Though I admit it’s not a film I’ve revisited often, Sidney Lumet‘s 1957 masterpiece 12 Angry Men has had a significant impact on my world-view. I first saw it at the tender age of 14 or so when my 9th Grade Civics teacher, Mr. Pomranka, showed it to us in class. Something of a Ben Franklin lookalike, Mr. Pomranka made it his business to teach his students plain reason and critical thinking, and how to distinguish fact from opinion. A fact, he said, could be false, but that doesn’t make it an opinion. For example, a man who says that the Holocaust was a hoax is not speaking his own opinion, but rather stating a fact that is simply untrue. To say that holocaust deniers are bigoted morons–that’s an opinion. He made heavy use of our curricular textbook, but he never asked us to answer the review questions at the end of every chapter. Rather, he had us write out the statements contained within the questions. I remember fondly the debate he and I had about the bombings of Hiroshima and Nagasaki. It is a tragedy that Bush‘s “No Child Left Behind” educational reforms leave little room for a teacher like Mr. Pomranka in our public schools.
It’s no wonder he showed us 12 Angry Men. It is a marvelous, obliquely patriotic study of social dynamics and the courage it takes to insist on reason when no one else seems to care. Virtually the entire film takes place in a single, hot room where twelve cranky and impatient jurors decide the fate of a young man charged with murder. Henry Fonda, the star of the show, is the first to argue for the boy’s innocence, and he forces his fellow citizens to carefully re-examine every aspect of the case, often much more critically and thoroughly than the public defender did during the trial. It is an ode to reasoned argument and a passionate argument for dispassion.
It’s unusual these days for an American film to be remade and re-interpreted overseas. For years we’ve been accustomed to the opposite, often with lackluster results from Hollywood. But here we get Nikita Mikhalkov‘s 12, a revealing anomaly and an interesting study in cultural contrast. The set-up is more or less the same. A Chechen boy is accused of murdering his step-father, and twelve reluctant Russian men are assembled–this time in a school gymnasium–to consider his fate. The details of the case are in many places identical to the Lumet version–a distinctive knife figures prominently as does the technique of its application, and the jurors reenact the mechanics of a witness’ testimony to see if it’s plausible. Where it differs is in its more emotion-driven arguments. While the aforementioned logical deductions are present, they’re given less weight than the mostly irrelevant, improbable and quintessentially Russian soliloquies that each jury member relates in turn. For instance, the Jewish man tells the story of his unattractive father who lived in a WWII ghetto and fell in love with the beautiful wife of an SS officer, who eventually married him and bore 11 of his children. How does this story relate to the case? Well, naturally if a such a miracle could occur, couldn’t the boy be innocent after all? Thus he changes his vote to “not guilty.” We hear eleven similar stories, few of which have any factual bearing on the case. Immediately after most of these anecdotes, we are treated to disjointed scenes from the boy’s life in Chechnya, featuring his gentle shepherd father and a swarthy, sneering rebel leader. Mikhalkov is clearly trying to be progressive, but all the Chechen characters are painted as patronizing stereotypes. Repeated every time is the image of a dog running through pouring rain holding something in its mouth that glints.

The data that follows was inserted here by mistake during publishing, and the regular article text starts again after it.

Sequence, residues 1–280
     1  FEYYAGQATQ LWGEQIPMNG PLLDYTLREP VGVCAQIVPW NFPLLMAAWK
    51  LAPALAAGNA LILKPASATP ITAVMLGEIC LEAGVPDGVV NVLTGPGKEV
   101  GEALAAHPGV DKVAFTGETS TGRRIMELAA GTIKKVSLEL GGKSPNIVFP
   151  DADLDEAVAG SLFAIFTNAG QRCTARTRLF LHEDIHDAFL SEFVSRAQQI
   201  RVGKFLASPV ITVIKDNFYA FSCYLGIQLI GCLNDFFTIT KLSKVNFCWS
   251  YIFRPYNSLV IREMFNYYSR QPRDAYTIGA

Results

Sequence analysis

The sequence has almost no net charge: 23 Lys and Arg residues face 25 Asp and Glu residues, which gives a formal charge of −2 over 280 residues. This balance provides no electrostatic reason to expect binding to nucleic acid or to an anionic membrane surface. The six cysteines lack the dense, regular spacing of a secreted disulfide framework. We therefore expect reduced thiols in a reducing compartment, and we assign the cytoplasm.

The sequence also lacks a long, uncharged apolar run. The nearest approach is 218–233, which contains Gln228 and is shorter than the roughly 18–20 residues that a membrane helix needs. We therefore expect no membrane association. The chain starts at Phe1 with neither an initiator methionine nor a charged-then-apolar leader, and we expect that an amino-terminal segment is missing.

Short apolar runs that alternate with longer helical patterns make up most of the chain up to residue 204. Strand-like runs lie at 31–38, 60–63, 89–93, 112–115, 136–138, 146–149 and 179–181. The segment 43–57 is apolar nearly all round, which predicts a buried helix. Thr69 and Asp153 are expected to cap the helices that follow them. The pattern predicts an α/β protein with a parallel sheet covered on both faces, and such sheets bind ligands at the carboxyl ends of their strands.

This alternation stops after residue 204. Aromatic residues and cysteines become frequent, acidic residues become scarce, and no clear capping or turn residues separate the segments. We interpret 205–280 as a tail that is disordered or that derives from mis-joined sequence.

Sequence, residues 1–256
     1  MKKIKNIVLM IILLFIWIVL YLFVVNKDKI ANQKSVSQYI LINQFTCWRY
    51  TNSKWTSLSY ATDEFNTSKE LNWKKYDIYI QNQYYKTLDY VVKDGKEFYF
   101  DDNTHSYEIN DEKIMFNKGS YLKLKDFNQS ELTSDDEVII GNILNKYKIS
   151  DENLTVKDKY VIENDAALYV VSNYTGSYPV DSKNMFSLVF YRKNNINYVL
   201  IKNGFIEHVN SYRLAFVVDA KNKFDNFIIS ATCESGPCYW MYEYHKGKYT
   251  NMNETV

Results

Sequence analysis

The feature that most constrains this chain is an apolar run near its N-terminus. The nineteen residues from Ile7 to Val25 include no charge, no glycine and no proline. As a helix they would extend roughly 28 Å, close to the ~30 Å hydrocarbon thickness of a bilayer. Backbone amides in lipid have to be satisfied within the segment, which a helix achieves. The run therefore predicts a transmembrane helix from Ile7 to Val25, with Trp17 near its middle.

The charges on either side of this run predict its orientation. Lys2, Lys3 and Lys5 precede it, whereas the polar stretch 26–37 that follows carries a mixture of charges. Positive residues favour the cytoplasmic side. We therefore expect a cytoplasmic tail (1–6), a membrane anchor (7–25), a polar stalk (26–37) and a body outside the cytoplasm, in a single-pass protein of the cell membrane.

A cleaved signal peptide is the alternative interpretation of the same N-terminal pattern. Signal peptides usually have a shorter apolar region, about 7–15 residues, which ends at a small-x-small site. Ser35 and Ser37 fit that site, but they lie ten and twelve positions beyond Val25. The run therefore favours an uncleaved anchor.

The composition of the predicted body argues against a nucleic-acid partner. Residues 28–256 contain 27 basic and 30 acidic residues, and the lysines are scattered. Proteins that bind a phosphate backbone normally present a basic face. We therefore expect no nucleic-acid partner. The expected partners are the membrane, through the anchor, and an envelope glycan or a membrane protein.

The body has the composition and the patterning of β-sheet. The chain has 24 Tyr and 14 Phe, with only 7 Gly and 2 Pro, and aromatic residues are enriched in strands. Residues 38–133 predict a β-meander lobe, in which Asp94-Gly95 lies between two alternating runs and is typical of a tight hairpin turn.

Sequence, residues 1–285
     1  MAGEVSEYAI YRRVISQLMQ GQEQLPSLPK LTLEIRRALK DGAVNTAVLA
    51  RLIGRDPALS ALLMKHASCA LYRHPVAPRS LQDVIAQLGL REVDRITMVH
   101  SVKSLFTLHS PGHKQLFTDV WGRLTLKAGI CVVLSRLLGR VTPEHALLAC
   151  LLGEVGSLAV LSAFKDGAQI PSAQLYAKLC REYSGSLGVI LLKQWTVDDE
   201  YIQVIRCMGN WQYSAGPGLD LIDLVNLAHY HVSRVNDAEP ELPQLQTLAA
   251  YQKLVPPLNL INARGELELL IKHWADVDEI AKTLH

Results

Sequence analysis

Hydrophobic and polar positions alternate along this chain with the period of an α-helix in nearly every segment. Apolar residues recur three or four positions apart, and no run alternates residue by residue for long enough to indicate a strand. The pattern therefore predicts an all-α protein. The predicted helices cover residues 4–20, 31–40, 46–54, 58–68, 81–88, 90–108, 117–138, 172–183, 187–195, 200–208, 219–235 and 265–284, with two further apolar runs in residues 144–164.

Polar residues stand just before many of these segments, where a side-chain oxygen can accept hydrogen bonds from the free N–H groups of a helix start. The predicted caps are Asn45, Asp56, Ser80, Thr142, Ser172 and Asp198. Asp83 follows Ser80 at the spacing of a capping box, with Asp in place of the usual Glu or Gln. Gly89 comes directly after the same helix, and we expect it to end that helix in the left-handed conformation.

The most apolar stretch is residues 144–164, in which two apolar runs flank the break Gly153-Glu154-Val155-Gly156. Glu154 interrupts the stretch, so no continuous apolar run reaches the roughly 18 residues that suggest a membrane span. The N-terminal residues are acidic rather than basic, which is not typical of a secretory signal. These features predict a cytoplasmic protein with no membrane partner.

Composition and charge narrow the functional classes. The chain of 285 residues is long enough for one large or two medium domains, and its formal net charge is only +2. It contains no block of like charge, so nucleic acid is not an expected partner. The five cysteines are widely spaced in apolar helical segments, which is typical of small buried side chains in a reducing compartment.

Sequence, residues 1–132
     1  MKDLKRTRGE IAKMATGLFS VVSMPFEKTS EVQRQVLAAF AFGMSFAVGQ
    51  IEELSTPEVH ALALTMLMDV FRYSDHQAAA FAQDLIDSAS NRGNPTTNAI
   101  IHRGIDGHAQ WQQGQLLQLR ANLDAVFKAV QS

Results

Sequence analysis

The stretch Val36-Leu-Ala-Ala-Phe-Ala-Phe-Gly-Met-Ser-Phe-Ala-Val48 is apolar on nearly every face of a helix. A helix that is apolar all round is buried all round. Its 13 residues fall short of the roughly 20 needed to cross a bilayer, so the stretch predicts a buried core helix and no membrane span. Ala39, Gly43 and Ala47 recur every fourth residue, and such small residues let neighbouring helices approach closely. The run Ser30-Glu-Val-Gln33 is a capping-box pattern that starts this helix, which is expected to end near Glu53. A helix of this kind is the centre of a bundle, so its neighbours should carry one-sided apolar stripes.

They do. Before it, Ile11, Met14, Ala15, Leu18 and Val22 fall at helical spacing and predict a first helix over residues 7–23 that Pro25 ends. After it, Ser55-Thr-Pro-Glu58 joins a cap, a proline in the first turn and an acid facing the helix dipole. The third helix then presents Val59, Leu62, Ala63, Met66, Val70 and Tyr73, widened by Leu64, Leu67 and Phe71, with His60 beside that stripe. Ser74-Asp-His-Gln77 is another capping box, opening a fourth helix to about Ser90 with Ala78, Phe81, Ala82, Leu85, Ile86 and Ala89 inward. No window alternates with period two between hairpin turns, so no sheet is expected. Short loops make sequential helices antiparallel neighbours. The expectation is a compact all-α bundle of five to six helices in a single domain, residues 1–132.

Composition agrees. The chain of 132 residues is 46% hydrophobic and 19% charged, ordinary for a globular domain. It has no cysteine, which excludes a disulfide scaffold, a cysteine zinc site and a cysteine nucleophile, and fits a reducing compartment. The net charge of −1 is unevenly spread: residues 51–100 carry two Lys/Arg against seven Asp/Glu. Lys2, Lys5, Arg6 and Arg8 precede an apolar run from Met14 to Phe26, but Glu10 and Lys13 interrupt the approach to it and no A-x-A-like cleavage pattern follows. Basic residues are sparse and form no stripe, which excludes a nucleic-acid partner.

The movie does introduce classic American legal phrases like “beyond a reasonable doubt” but these are offered more as suggestions than mandates. The bailiff tells the men “the verdict should be unanimous.” He never says it must be, but he has to say that, otherwise the movie loses its premise. Jury trials might still be a little unfamiliar to average Russians–I learn that they were abolished altogether during the Soviet period. I don’t really know what Russian law actually requires from its juries, but it doesn’t look like much. The only character in the picture with any real knowledge of American jury trials is a Harvard-educated businessman who is portrayed as jittery, effeminate and impressionable. The film’s conclusion does offer a genuine twist from the American version, but while the ideas raised near the end (by Mikhalkov himself as the jury foreman) are intriguing, they are never developed properly and they come off as preachy. I find it strange that the director’s final statement seems so rushed, especially since, at well over 2 1/2 hours, his film takes its sweet time with everything else. Do I recommend 12? If you have the time, you’ll get some nifty images, even if they don’t fit anywhere (i.e. a great early shot of soldiers under fire while simultaneously being cheered by a crowd–a shot that has nothing to do with anything as near as I can tell). Even the final shot, which reveals what was in the dog’s mouth, doesn’t really seem connected to the whole. If you haven’t seen it lately, you should absolutely check out 12 Angry Men, which is the vastly superior film (yes, I’m saying the American version is better!). For a more thoughtful Russian film about the conflict in Chechnya, I heartily recommend Aleksandr Sokurov‘s recent Alexandra. I can only imagine what Sokurov could have done with 12. But if you do watch this film, please consider the difference between fact and opinion, and count yourself lucky if you’re never put on trial for murder in Russia. – [DVD]
DVD Release Date: 7/14/09